• 1
    @muru, yes, and other non-POSIX shells. Like rc that allows anything in a variable name (and where all variables are exported). Commented Oct 5, 2015 at 19:35

2 Answers 2


So, what is the purpose of allowing arbitrary name in form env var=value and was it allowed by POSIX?

Quoting from POSIX: Environment Variables:

Environment variable names used by the utilities in the Shell and Utilities volume of POSIX.1-2008 consist solely of uppercase letters, digits, and the ( '_' ) from the characters defined in Portable Character Set and do not begin with a digit. Other characters may be permitted by an implementation; applications shall tolerate the presence of such names.

Note: Other applications may have difficulty dealing with environment variable names that start with a digit. For this reason, use of such names is not recommended anywhere.

So implementations of env may permit arbitrary environment variable names - and most, if not all, implementations do so, accepting every non-NUL character to the left of an '=' - and implementations of other utilities (such as the shell) may or may not permit arbitrary names.

The statement that name=value ... utility is equivalent to env var="value" utility will only be true if the implementation of env and the shell both permit name to be an environment variable.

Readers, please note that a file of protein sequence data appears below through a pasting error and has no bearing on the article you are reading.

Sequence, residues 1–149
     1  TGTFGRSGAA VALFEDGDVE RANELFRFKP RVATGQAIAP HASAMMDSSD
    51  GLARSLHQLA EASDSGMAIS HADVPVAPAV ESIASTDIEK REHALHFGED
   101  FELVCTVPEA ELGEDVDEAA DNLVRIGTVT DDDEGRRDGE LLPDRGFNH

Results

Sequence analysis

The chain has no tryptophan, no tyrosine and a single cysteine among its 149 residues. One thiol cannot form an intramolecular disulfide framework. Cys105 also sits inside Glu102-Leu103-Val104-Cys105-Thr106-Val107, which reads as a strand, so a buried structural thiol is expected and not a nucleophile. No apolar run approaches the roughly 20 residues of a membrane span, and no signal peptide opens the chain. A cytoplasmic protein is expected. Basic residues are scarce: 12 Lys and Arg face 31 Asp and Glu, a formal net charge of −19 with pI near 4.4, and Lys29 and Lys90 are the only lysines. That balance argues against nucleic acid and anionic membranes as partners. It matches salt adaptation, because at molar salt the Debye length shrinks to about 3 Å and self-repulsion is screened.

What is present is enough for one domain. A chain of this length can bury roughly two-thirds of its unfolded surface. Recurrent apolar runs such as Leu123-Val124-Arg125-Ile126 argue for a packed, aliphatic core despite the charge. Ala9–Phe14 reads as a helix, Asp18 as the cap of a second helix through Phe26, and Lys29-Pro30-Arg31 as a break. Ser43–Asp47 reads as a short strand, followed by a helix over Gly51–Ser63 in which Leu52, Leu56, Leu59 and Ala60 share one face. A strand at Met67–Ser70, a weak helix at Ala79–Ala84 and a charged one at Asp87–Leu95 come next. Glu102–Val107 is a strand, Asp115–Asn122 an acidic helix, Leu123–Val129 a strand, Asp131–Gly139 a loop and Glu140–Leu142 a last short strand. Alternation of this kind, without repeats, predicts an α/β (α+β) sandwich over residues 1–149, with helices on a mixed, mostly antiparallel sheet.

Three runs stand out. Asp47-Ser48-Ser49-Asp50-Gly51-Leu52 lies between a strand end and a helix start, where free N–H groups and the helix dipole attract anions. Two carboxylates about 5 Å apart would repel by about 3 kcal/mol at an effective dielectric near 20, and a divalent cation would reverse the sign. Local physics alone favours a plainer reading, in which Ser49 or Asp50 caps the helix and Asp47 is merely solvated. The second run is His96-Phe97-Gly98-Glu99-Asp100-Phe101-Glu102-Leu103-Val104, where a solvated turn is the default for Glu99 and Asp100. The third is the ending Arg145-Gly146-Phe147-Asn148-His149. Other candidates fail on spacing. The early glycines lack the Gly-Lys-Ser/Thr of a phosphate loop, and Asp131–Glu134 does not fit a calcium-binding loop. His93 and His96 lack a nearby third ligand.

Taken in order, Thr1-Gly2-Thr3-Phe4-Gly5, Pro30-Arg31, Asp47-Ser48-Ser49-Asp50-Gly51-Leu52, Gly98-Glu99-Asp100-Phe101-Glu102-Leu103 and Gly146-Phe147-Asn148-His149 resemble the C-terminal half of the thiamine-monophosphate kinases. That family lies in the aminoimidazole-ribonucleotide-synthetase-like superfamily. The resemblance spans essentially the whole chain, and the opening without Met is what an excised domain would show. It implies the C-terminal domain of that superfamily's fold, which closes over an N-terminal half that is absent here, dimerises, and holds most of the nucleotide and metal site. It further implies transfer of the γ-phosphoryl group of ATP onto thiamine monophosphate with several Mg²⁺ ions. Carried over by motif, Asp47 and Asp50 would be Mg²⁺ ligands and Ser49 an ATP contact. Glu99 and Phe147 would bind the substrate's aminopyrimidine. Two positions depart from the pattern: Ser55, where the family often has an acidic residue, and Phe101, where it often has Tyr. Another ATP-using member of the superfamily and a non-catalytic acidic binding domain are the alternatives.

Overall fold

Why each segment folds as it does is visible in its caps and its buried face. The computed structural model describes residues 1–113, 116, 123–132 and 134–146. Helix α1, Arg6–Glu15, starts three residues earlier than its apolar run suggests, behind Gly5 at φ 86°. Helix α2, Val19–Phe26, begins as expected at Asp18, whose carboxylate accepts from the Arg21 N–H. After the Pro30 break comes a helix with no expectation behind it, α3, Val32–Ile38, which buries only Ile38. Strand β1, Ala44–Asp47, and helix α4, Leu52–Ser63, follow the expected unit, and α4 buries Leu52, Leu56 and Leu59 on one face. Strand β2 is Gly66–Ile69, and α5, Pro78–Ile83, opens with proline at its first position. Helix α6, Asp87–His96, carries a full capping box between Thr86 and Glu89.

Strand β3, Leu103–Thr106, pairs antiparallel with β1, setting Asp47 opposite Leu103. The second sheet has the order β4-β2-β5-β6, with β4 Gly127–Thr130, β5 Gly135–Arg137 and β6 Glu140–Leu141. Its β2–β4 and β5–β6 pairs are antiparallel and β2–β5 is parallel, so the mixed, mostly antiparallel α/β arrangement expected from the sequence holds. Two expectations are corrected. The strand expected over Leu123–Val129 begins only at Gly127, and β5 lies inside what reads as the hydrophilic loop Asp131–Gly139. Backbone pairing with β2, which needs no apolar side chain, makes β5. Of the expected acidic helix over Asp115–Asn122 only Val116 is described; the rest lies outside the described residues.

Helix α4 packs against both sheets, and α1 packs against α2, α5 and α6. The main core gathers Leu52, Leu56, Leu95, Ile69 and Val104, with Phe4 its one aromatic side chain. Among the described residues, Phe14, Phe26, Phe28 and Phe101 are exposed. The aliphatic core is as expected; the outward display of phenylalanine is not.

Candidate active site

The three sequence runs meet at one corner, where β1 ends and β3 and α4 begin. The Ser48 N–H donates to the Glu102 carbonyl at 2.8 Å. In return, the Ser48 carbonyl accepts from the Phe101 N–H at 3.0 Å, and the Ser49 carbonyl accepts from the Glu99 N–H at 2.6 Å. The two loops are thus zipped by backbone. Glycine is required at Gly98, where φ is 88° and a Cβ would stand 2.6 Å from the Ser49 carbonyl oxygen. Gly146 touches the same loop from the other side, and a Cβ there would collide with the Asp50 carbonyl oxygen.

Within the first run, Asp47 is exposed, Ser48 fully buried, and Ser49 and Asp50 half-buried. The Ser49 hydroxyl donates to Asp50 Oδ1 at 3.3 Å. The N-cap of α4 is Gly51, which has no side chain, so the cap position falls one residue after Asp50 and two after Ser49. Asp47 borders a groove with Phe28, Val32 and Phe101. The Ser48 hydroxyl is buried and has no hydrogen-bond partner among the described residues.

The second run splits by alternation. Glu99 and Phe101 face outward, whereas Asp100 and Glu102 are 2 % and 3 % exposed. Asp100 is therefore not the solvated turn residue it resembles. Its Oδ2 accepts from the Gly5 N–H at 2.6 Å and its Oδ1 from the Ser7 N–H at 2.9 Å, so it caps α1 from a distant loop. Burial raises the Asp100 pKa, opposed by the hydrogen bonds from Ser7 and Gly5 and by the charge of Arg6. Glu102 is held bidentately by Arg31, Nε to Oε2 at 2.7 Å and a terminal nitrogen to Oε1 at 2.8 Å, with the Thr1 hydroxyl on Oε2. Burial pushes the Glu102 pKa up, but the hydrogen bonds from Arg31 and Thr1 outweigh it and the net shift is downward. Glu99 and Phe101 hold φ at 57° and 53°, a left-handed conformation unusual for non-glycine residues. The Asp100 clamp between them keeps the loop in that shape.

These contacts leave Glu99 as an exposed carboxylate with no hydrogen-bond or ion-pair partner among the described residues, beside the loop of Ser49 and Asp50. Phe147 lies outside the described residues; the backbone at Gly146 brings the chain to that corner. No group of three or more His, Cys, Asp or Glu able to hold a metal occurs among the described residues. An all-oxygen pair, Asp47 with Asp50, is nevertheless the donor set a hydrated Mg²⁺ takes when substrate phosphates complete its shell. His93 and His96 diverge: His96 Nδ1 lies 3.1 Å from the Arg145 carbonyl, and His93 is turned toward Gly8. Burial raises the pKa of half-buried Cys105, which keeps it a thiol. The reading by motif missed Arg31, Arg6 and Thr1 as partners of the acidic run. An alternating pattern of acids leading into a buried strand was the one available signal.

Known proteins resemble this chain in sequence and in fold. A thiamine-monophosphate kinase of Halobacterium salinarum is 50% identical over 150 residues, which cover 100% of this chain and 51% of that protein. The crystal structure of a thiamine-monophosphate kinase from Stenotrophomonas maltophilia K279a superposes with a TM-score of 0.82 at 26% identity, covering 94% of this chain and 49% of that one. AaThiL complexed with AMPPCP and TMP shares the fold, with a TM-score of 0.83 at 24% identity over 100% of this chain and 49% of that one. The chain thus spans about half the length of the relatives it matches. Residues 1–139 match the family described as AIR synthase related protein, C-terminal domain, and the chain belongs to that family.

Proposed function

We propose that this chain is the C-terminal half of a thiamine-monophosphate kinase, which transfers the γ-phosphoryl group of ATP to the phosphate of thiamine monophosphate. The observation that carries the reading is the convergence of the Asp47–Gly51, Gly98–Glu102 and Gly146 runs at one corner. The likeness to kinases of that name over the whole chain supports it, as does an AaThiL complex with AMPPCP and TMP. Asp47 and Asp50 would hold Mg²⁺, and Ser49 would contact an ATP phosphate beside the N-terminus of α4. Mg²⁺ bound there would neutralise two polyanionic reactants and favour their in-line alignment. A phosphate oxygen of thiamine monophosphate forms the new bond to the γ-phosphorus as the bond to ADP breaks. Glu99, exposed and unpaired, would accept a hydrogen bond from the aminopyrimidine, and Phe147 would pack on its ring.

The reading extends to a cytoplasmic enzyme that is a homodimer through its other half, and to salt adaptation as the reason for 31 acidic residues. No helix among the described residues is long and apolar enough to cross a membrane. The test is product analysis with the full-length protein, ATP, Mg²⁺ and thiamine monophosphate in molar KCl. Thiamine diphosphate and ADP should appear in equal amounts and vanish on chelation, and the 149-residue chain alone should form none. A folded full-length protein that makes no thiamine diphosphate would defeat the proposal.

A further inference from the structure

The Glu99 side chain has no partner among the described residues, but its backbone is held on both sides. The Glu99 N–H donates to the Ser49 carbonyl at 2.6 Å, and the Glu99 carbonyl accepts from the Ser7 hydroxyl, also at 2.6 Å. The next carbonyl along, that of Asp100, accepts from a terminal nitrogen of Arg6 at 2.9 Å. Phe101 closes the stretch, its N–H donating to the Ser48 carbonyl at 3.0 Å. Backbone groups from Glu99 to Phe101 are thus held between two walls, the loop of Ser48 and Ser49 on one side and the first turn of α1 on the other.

There's an interesting Austin Group thread about this issue here: Invalid shell assignments in environment. One point mentioned is that shells generally only allow environment variables whose names can be represented as shell variables. Several participants in that thread participate in unix.stackexchange.com and can hopefully add some more info about the issue.


You are true, env allows you to put things into the environment that may not be valid for a shell. I see no problem with this fact as env is a separate program and the environment is not limited to what a shell accepts as shell variables.

Looking a bit closer at the results shows that none of the usual shells behave in a way that results in inaccessible shell variables: